[time-nuts] Fast frequency counting question

Bruce Griffiths bruce.griffiths at xtra.co.nz
Sun May 4 19:03:25 EDT 2008

Magnus Danielson wrote:
> From: "Pete" <peterawson at earthlink.net>
> Subject: Re: [time-nuts] Fast frequency counting question
> Date: Sun, 4 May 2008 16:07:02 -0600
> Message-ID: <004401c8ae33$336ee590$0200a8c0 at BASE1>
> Pete,
>> I may be out in left field (again), but isn't this
>> a textbook measurement for a fast sampling
>> 'scope? I think most of the recent devices in
>> this category have 500MHz to 10+GHz
>> sampling rate, with plenty of memory depth.
>> They can output a time record via GPIB, 
>> USB or whatever.
>> The time record can be post-processed to
>> yield actual zero crossings. You also get all
>> the amplitude data, which should help with
>> analysis.
>> Some of the newer 'scopes have the post-
>> processing software built in & there is at
>> least one source of  PC based timing
>> analysis available.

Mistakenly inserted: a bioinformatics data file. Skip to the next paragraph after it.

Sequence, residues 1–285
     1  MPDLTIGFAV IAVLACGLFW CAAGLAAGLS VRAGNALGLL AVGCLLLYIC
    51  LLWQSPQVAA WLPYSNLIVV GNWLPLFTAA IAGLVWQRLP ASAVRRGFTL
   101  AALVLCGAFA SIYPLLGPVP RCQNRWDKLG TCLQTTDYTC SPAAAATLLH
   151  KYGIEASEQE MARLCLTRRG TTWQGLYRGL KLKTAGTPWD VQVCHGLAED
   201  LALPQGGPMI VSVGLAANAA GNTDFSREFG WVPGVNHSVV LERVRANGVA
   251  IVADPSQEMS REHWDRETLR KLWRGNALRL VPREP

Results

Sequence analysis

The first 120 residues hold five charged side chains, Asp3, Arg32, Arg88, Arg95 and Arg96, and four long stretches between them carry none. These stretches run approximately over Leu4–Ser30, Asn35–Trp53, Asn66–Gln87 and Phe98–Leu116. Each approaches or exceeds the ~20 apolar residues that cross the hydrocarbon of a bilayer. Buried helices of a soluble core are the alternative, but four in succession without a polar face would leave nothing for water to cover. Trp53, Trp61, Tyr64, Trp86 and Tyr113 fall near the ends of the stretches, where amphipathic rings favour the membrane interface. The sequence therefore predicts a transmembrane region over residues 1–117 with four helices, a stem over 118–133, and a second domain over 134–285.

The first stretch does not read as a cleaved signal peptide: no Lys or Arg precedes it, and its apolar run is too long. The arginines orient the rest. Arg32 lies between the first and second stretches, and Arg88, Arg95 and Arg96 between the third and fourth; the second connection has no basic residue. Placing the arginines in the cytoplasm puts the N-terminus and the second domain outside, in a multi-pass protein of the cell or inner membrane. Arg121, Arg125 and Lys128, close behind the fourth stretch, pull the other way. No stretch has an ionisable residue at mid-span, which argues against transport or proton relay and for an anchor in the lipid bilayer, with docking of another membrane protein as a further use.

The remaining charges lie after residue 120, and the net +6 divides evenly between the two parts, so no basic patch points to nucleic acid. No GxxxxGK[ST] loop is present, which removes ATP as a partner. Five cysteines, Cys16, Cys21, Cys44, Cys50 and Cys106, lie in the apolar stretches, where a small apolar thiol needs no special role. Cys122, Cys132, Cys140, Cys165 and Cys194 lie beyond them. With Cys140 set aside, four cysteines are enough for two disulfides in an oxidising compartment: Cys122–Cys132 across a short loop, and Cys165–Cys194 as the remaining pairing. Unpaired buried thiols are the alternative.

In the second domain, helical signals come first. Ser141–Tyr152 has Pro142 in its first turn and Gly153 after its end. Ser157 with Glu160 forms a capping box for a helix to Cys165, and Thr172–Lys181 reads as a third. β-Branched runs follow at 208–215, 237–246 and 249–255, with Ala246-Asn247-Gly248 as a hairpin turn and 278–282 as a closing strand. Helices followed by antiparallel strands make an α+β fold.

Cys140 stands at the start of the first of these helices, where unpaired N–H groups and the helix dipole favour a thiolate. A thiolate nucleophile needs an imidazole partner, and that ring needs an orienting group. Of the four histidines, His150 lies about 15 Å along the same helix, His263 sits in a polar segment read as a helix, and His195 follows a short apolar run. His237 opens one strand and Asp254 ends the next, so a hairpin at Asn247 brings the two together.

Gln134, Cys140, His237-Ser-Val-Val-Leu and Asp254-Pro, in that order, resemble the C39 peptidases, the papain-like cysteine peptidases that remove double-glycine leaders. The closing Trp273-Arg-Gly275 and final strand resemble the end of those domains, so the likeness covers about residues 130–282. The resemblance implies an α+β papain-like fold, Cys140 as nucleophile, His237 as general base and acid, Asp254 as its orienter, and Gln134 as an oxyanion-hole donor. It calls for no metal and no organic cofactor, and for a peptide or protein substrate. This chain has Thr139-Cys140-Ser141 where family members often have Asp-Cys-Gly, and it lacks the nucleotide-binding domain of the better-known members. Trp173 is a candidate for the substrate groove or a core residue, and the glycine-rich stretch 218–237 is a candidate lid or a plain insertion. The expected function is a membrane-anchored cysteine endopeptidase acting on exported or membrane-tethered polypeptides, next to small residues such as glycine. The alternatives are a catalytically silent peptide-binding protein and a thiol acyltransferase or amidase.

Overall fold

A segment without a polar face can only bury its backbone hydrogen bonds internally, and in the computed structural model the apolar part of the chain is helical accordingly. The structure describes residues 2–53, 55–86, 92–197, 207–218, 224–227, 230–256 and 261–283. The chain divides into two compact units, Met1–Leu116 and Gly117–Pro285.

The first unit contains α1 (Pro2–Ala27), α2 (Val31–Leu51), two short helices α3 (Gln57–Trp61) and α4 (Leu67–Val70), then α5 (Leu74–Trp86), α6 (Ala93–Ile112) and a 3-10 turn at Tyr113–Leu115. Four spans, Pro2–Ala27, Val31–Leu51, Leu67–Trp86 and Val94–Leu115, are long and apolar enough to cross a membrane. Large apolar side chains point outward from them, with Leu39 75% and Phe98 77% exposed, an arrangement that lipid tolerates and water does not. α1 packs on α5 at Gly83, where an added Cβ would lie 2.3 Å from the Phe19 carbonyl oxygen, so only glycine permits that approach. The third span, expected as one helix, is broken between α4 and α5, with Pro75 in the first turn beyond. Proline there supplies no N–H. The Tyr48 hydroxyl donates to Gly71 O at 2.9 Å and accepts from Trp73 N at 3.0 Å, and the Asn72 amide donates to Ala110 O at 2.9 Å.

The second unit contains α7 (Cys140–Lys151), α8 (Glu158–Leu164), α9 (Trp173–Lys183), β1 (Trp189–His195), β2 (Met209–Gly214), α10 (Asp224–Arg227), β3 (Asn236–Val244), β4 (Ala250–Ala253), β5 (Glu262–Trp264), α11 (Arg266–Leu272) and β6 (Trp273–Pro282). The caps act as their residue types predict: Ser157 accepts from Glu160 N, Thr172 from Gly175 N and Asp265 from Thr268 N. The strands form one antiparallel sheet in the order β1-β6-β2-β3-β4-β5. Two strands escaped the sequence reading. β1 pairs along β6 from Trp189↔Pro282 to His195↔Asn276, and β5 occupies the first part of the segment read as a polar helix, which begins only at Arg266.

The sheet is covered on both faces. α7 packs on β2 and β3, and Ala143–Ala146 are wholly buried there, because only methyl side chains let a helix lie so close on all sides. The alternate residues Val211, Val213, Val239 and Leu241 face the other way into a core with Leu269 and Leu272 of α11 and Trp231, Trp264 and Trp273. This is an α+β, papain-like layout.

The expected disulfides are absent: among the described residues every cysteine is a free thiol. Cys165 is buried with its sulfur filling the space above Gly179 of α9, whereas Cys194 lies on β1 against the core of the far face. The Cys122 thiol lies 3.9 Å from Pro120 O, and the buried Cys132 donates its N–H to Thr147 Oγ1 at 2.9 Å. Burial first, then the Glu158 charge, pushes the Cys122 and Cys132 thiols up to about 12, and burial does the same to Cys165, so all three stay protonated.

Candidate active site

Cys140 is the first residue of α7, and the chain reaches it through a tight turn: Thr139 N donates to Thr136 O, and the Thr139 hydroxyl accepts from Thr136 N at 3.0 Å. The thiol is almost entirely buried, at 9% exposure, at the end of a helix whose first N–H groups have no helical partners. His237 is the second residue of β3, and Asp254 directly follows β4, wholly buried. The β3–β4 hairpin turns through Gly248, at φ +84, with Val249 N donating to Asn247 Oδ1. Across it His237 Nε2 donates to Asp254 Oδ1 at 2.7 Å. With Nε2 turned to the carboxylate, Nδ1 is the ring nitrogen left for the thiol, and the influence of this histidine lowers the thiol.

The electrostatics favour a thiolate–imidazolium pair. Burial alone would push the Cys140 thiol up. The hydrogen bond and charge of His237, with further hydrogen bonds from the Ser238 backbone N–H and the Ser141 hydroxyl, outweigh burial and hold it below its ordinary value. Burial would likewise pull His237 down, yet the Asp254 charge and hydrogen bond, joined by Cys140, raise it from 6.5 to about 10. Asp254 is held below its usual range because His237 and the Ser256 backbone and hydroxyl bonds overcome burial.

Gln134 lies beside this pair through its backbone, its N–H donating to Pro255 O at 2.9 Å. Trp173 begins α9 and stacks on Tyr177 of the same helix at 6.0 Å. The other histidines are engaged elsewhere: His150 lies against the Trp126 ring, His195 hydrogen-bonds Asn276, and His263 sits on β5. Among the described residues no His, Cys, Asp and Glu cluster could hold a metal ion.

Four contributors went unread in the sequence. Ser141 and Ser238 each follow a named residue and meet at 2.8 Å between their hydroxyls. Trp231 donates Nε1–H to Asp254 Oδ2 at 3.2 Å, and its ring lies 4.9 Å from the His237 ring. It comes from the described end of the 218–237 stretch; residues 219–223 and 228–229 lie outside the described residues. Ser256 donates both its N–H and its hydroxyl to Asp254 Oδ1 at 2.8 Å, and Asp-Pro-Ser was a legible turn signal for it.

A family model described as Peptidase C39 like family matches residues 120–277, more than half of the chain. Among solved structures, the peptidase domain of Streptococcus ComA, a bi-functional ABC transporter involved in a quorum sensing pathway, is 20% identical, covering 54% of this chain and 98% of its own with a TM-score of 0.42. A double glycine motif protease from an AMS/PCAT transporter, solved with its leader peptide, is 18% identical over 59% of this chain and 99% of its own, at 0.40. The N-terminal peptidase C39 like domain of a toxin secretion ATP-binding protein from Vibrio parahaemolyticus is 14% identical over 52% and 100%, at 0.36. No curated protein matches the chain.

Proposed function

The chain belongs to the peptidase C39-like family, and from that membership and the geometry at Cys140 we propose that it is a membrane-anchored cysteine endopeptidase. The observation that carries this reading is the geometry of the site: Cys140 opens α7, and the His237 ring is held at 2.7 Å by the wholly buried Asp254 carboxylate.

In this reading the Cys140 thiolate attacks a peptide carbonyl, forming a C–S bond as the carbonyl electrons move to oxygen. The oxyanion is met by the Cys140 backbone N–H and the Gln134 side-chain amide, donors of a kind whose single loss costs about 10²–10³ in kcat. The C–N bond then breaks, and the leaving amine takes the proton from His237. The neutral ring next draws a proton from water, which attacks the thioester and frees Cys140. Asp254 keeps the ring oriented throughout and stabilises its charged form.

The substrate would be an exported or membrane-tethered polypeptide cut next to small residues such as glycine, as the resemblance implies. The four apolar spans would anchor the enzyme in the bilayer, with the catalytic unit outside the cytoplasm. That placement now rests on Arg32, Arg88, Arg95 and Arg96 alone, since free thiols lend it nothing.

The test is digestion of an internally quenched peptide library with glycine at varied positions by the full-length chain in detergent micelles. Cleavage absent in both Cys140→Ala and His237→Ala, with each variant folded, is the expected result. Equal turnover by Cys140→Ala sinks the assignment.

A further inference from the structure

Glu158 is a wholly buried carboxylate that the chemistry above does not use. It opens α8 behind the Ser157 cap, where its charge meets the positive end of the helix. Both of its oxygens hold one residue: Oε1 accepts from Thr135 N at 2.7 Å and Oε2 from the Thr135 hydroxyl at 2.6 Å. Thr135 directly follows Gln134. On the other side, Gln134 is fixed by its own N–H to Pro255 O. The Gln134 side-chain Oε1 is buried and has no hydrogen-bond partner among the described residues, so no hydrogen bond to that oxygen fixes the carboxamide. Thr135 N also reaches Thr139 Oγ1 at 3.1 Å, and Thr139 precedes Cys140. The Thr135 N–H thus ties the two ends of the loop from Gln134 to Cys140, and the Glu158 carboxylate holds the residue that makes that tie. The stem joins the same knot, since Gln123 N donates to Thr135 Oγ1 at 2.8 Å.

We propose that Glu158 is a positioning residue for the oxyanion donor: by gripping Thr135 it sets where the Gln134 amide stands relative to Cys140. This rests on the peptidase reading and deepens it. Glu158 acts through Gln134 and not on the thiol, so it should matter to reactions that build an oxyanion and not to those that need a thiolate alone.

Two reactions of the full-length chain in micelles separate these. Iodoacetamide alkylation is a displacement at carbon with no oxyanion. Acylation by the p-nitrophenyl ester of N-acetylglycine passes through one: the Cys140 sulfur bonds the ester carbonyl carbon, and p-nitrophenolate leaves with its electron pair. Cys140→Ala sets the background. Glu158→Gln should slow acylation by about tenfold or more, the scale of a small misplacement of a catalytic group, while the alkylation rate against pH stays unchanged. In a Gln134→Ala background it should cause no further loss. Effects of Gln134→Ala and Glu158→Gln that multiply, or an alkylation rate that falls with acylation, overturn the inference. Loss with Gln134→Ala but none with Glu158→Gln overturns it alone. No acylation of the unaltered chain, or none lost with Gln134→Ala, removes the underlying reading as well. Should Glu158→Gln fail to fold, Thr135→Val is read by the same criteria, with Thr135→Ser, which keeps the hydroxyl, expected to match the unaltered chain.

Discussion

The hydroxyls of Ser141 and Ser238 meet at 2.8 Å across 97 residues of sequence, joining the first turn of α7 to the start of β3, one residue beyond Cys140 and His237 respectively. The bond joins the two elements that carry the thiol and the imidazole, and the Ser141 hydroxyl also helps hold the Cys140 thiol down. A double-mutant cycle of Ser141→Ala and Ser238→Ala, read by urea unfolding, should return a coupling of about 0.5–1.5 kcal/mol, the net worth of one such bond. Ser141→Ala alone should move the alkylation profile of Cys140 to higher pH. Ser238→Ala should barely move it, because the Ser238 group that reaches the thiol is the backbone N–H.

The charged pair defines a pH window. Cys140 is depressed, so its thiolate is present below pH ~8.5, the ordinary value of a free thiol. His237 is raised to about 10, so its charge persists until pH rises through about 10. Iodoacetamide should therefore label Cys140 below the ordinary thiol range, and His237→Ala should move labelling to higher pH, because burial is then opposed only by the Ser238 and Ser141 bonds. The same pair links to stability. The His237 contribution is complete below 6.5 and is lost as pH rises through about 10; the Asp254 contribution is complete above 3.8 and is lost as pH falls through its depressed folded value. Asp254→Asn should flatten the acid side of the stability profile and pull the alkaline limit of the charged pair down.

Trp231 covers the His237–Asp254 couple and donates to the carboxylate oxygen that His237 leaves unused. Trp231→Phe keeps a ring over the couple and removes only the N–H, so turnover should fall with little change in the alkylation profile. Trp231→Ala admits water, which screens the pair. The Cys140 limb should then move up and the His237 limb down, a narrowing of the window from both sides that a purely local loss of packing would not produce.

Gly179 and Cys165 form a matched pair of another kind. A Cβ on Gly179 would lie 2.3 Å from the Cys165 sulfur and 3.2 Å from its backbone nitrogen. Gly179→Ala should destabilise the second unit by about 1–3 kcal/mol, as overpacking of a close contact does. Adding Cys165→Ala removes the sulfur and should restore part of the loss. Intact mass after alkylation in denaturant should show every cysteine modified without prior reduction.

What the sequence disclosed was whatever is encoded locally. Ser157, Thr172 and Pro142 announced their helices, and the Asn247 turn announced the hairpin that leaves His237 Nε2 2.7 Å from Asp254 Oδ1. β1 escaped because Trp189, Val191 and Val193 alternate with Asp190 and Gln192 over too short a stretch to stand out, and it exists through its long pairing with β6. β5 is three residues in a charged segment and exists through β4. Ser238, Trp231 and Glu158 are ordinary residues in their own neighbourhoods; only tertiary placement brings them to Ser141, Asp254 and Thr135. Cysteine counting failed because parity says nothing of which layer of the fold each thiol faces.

> I still think it will be hard to acheive the required resolution that way.
> But yes, modern scopes have moved considerably in the right direction lately.
> I also somewhat question the importance of this initial time. It should not be
> the make or break of the application as being claimed.
> One interesting thing one can do is to hook a spectrum analyser to the
> oscillator output and see how the spectrum changes over the first initial time.
> It should be an interesting experience trying to figure out what is happening
> and why... :)
> Cheers,
> Magnus
The quickest and easiest way to achieve the required resolution is to 
buy a high speed (~100MHz) sampling ADC evaluation kit from Analog 
Devices, Linear Technology etc, use a low phase noise crystal oscillator 
(eg Wenzel ULN or equivalent performance device) or equivalent bandpass 
filter the output and use as the sampling clock source. Then either:

1) Sample the 40MHz signal directly (possibly after some bandpass 
filtering) then post process the raw data.

2) Use  a mixer to produce a ~1MHz output bandpass filter it and sample 
this signal  (amplifying if necessary) with the ADC then post process 
the raw data. This will achieve lower noise. However the mixer LO has to 
have very low phase noise.

High speed ADC evaluation kits are readily available (at least from 
Linear) and considerably cheaper than a timer counter with equivalent 
resolution and noise f such an instrument is available at all.
The LTC evaluation kits include a board with local sample storage and a 
USB interface to a PC.

The sampling clock frequency need not be exactly 100MHz as long as its 
frequency is known.


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